Getting down to the details: Questions to ask
Whether you've decided to go abroad with a volunteer-sending program or are going on your own, there are lots of questions to ask the organization where you'll be volunteering. Here are some to get you started (please keep in mind, however, that you may be able to answer many of these questions via your own research of the program or organization, including visiting their website, reading any materials provided by them, and gathering advice from former volunteers):
About your role as a volunteer
- What is my volunteer position? What tasks will I be doing?
- What level of physical activity should I prepared for (e.g. heavy lifting, lots of walking, etc.) It's important that you be honest with yourself here regarding the types of volunteer positions that are a good fit for you given your health and well-being.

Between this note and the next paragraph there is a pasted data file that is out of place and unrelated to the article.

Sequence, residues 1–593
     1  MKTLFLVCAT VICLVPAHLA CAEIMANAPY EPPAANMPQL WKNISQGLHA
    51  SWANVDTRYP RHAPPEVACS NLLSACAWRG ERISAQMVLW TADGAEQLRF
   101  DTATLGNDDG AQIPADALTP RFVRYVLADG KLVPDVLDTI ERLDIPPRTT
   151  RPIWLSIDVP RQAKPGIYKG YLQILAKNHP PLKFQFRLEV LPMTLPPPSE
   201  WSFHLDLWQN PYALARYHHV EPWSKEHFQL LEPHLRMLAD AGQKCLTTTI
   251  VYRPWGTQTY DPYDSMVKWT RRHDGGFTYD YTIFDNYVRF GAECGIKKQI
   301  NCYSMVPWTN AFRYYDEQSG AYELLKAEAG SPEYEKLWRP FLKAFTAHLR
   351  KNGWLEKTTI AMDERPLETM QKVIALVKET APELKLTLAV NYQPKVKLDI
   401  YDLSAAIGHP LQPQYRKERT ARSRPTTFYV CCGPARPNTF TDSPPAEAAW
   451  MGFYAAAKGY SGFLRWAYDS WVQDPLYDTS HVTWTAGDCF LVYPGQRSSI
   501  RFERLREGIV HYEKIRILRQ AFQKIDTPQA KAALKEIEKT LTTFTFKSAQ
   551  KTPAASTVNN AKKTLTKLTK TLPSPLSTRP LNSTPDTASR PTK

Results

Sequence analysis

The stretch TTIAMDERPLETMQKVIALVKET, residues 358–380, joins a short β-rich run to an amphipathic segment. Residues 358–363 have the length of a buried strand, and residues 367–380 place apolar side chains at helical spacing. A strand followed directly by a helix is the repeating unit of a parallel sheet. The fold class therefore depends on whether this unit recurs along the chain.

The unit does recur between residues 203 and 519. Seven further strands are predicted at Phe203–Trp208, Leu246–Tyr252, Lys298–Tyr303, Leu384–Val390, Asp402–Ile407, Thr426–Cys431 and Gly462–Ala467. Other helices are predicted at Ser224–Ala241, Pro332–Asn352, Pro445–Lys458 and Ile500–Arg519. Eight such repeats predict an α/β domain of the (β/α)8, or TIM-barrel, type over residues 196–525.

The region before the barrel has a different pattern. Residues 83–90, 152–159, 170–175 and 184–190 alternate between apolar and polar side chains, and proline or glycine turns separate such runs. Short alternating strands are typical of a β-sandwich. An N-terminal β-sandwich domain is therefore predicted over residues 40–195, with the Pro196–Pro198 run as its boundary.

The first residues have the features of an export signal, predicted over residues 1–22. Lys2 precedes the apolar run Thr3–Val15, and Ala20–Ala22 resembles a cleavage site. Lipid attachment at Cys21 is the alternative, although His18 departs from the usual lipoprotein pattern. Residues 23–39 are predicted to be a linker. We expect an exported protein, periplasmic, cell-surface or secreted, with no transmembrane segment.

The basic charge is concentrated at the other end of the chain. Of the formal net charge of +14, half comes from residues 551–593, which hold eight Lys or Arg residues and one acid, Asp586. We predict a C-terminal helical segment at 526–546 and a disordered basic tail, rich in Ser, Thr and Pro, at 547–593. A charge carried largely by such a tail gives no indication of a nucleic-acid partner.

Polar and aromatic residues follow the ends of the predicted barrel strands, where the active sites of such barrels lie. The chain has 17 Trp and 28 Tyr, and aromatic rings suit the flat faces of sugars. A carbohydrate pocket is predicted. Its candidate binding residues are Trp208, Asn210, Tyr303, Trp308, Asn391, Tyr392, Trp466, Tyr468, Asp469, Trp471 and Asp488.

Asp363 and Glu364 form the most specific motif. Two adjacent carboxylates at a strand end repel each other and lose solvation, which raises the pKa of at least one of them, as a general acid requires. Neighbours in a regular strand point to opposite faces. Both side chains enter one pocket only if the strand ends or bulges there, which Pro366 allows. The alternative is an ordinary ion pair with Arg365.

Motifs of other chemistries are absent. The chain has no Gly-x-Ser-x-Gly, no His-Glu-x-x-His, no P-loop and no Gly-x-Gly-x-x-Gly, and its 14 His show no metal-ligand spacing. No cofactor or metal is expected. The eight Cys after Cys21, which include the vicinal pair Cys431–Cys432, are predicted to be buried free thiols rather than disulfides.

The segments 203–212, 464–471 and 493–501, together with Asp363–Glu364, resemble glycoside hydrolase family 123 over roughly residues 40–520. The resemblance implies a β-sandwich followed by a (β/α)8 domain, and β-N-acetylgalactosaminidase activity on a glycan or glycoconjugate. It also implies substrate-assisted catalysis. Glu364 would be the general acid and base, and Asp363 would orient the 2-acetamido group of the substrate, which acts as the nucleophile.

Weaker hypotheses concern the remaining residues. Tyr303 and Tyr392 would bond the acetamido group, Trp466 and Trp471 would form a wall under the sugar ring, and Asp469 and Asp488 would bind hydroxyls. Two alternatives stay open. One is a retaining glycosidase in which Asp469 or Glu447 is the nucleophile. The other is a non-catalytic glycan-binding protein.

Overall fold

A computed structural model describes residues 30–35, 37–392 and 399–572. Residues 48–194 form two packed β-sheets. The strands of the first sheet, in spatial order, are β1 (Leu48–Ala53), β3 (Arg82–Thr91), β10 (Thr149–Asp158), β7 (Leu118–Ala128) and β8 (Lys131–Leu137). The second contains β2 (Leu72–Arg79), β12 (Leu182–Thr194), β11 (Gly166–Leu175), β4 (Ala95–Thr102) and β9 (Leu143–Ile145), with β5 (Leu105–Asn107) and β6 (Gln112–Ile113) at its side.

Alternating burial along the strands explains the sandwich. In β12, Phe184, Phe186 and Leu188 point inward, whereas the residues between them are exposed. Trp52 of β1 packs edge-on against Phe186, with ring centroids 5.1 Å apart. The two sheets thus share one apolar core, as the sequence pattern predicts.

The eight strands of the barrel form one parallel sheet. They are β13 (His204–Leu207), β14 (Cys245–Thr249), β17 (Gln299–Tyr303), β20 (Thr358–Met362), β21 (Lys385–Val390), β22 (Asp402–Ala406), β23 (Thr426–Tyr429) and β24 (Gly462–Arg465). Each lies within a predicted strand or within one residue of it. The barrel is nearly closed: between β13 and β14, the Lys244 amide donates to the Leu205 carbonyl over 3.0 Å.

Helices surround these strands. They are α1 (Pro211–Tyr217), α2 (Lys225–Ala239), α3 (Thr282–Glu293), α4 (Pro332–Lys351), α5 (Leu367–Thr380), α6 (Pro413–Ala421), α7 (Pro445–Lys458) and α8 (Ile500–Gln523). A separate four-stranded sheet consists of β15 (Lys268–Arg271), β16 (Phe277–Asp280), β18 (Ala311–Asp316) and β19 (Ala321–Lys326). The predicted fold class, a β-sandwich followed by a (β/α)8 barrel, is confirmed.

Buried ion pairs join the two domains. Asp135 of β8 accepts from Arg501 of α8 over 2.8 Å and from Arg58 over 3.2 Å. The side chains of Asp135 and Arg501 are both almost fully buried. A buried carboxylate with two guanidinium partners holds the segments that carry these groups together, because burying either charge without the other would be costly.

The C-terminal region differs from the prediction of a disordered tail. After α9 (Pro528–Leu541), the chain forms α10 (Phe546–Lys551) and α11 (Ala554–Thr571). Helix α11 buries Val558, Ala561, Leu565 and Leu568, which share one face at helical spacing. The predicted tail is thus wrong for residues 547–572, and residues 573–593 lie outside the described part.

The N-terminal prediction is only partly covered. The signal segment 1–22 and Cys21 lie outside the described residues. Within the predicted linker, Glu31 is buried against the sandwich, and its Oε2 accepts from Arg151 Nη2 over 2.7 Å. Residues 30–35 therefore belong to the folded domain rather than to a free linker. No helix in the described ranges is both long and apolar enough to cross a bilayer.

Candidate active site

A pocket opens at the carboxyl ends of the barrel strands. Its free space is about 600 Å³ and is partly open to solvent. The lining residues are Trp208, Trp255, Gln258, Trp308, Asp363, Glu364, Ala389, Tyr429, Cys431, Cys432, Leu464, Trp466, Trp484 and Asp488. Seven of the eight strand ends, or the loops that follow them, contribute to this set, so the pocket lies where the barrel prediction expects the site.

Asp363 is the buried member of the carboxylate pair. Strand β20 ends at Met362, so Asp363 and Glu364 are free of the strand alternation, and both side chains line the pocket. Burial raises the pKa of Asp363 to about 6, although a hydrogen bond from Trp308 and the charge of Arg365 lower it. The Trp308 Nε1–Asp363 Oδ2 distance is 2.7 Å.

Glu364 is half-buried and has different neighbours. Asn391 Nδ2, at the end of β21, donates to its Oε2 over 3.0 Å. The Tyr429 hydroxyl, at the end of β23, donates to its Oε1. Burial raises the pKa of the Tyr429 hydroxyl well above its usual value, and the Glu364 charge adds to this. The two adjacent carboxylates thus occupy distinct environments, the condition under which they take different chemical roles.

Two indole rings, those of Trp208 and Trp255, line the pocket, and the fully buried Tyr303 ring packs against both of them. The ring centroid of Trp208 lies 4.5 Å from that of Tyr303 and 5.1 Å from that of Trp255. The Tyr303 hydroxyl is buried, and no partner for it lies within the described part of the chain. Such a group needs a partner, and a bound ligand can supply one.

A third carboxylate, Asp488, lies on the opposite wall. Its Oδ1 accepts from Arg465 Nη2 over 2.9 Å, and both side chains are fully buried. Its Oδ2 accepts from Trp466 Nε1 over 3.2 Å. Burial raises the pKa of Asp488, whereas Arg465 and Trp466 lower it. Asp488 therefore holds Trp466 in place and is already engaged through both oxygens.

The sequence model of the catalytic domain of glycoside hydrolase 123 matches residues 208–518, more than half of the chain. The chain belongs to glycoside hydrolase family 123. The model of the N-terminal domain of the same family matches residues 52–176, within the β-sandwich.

- What skills should I have in order to be an effective volunteer?
- What kind of training and/or orientation will I receive?
- Are there any particular tools or project supplies I should bring with me? (If going with a volunteer-sending organization or program), what kind of support will I receive while I'm abroad? How often will I be required to check in with them? Will I have visits from program staff?
- Will I be interacting with locals as a volunteer or largely working behind the scenes?
- Will other international volunteers be onsite? How many?
- What will my hours be as a volunteer?
- Will I have free time or days off to travel?
- Are there planned excursions (especially for those going with a volunteer-sending organization or p program)? Will there be additional costs for these?
- Where is the volunteer project located? What is the work environment like?
- Who will I be working with? Will I be largely working independently or with a team?
- What language resources will be available to me? Will onsite staff speak my language? Are there classes or a translator available?